Parents' Guide to

Time Share

By Brian Costello, Common Sense Media Reviewer

age 14+

Some profanity in edgy, offbeat Mexican satire/drama.

Movie NR 2018 96 minutes
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This "vacation disaster" movie is best enjoyed by fans of David Lynch and movies with a surreal and unsettling style. The pastel hues that predominate in many of the scenes -- garish, gaudy -- are the perfect contrast to the discomfort lurking around every corner. While set in Mexico, the colors and the general air of something more insidious going on give the setting the look of some kind of Central Florida hellscape. The tacky tourists in the background slurping blended cocktails, the cheesy hyper-masculine tennis instructor, the corporate double-talk intended to translate into a half-hearted apology -- all of this contributes to the unreal reality.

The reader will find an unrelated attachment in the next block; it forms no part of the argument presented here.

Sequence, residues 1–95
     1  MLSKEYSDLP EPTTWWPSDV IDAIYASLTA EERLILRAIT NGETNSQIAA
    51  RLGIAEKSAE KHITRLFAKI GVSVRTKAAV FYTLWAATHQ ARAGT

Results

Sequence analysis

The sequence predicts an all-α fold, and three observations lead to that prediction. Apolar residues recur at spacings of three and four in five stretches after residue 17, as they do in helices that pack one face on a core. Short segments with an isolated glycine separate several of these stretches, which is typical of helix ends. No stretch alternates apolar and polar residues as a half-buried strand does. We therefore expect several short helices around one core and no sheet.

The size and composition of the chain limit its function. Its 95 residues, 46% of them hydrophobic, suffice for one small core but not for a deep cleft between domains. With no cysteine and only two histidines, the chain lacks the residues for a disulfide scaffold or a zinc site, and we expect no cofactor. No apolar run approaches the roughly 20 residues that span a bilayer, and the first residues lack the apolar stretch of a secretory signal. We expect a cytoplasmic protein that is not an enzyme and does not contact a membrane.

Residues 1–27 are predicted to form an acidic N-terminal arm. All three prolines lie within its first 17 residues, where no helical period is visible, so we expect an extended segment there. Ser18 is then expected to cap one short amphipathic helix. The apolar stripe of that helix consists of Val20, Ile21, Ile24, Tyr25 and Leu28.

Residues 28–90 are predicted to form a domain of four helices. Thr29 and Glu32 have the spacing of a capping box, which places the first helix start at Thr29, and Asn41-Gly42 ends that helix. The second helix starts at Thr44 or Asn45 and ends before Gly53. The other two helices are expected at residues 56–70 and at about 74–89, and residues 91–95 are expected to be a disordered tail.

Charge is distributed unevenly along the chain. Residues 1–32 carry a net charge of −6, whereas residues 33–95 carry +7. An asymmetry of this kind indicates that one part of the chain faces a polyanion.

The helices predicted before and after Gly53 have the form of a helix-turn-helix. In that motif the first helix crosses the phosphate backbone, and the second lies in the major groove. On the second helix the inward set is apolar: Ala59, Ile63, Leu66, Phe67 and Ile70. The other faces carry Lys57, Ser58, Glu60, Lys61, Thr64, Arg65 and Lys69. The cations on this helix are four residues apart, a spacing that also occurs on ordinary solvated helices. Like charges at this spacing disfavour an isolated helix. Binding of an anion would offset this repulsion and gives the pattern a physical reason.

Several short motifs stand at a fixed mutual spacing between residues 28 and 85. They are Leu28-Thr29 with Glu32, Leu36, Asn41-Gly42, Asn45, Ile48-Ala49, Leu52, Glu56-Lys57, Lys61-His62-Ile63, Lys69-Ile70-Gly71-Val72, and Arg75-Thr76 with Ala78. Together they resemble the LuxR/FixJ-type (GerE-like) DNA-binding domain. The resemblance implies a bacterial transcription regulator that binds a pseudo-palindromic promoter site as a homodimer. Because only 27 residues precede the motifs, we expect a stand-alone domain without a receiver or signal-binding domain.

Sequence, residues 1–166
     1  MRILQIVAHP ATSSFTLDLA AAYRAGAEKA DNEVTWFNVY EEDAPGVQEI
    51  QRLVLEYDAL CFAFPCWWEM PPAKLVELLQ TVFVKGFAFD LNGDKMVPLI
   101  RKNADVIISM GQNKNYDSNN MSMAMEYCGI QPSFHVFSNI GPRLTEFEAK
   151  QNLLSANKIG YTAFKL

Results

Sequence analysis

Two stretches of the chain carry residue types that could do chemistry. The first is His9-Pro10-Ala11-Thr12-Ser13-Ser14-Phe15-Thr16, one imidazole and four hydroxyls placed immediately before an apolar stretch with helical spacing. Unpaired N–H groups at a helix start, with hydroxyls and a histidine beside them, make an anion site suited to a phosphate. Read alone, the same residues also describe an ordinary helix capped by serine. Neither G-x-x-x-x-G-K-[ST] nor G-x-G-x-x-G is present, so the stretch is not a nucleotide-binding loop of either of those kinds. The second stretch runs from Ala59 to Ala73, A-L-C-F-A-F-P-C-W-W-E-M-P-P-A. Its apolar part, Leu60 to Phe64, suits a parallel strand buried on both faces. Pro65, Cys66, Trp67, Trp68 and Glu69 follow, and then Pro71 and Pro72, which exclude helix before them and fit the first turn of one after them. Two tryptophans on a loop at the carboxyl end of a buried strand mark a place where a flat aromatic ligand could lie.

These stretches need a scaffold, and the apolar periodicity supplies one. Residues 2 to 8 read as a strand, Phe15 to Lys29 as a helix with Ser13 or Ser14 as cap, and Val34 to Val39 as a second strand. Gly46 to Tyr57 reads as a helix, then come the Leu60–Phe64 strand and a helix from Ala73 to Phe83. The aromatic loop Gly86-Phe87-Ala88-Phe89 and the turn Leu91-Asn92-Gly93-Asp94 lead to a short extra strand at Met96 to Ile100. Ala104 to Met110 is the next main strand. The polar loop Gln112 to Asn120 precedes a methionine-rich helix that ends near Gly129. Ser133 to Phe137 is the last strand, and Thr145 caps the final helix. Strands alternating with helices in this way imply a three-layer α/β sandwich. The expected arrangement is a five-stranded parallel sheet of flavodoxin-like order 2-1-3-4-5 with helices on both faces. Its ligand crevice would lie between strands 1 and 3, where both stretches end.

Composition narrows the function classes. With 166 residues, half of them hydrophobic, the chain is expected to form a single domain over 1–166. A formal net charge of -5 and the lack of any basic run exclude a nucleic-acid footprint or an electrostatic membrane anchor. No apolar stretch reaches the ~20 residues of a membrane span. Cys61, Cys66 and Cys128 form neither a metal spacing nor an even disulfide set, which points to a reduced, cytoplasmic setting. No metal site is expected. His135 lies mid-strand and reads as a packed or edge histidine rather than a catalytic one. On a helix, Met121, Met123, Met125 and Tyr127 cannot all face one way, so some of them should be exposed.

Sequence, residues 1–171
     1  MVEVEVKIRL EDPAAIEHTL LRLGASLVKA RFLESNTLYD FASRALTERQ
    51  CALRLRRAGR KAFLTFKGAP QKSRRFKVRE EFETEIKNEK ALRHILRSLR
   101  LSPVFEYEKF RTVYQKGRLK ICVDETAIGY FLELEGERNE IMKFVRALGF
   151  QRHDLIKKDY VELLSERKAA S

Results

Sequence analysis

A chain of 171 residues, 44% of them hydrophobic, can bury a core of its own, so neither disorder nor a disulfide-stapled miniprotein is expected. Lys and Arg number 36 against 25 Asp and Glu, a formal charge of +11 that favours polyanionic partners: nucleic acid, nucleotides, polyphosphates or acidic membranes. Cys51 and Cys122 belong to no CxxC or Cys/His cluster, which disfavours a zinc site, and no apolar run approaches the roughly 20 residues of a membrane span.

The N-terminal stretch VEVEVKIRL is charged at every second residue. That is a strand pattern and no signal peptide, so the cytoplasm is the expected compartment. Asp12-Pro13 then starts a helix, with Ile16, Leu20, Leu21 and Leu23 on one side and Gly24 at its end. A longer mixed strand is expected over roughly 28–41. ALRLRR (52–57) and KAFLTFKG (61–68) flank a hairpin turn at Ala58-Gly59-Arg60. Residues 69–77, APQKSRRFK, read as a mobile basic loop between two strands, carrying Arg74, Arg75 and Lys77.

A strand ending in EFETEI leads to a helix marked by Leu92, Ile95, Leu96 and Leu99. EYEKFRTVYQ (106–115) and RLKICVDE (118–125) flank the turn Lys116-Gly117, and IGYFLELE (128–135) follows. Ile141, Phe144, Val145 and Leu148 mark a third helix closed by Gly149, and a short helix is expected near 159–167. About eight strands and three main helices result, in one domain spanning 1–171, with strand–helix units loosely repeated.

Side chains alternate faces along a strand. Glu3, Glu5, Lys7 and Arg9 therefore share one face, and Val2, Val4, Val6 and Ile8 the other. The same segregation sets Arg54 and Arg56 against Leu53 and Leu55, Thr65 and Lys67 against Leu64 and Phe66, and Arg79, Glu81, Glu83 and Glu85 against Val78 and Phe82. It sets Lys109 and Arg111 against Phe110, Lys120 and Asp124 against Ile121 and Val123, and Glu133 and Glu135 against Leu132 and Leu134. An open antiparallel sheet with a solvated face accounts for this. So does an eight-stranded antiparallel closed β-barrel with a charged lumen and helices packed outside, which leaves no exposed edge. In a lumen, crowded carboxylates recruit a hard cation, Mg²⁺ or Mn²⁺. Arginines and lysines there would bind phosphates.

It's a "vacation gone wrong" story, but it's soon obvious that Time Share aspires to something so much more than that. Pedro comes off as a bit of a snob and a chauvinist, and yet one can't help but sympathize with someone who only wants to have some peace and relaxation with his family for the one week of the year he has off from work. Gloria comes off as callous to her estranged husband and gullible toward a duplicitous salesperson (deftly played by RJ Mitte, best known as Flynn from Breaking Bad), but can't be faulted for trying to rebuild and move on with her life after the death of her child. Themes of invasive small data used for marketing purposes and cult-like behaviors of those in search of a prefab paradise are exaggerated to the point of satire. It takes a little effort to get a fix on what's going on with the story, but the effort is definitely worth it.

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